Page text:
The result is not clear yet (stay tuned), except there won’t be designated bike lanes, but the sidewalks are supersized and it is looking good so far. It is a big construction mess, and being a busy street leading to the central train station, it affects a lot of commuters. Enter Copenhagen’s skinniest bike lane.

Copenhagen's skinniest bike lane

Catching cyclists at the entry point of construction hell, guiding them through an alternate route. 

Just follow the thin, blue line. It will lead you to and from the central station.

I love good communication!

And I miss summer already.

Help me.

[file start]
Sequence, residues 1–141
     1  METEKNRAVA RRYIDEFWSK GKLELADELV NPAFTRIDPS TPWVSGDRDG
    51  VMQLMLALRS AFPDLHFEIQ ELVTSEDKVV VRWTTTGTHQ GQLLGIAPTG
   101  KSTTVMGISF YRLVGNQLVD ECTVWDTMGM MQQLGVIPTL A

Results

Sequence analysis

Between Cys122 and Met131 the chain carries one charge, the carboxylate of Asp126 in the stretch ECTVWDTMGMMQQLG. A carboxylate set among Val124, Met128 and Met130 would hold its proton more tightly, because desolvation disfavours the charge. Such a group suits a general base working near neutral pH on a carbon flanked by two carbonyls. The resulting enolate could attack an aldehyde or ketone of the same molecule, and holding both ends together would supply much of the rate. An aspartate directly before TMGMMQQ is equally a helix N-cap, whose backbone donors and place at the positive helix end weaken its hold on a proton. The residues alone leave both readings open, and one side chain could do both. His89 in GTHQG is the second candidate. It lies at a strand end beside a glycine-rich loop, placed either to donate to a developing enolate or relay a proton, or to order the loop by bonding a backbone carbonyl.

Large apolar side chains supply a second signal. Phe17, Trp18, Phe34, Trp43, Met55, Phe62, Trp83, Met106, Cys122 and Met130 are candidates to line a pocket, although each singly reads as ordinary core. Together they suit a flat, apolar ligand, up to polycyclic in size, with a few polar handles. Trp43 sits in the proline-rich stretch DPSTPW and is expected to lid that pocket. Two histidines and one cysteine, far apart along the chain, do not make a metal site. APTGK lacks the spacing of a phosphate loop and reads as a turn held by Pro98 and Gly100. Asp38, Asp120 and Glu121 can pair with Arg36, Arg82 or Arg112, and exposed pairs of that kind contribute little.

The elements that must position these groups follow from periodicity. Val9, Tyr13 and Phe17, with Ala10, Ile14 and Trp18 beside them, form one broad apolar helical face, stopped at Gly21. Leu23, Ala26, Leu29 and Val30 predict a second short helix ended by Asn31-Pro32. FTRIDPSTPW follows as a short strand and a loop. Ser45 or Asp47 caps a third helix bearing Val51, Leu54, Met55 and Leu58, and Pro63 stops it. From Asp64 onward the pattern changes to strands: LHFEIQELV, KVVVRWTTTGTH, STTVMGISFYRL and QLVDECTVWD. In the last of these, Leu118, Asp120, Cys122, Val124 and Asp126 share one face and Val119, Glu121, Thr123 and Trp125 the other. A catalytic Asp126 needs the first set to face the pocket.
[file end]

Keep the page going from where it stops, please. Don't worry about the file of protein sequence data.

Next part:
14 September 2014

Rye on wheels

Today I came across hit-the-brakes-goodness (about time too, I don't know what is up with the long breaks here, ugh). It was an elaborately decorated Volkswagen bus, or as we call it here: folkevognsrugbrød, which translates into Volkswagen Rye Bread. The sweetest bus ever made, if you ask me. A girl passed it with her mother, asking in awe "what is this?" Oh, it's just a car, said the adult. "No, it isn't. It's a circus wagon!". Children are superior to adults most of the time, have you noticed?

VW bus

VW bus
VW bus

VW bus

VW bus

Ass, gas or grass... nobody rides for free.

VW bus

This is not an abandoned vehicle.

It's a circus wagon.

VW bus

31 August 2014

Baffled and proud

The seasonal transition is taking its toll. For a week straight it has been raining (last night we even had flooding), and days are getting measurably shorter. I am running around like a headless chicken, trying to catch a little bit of everything.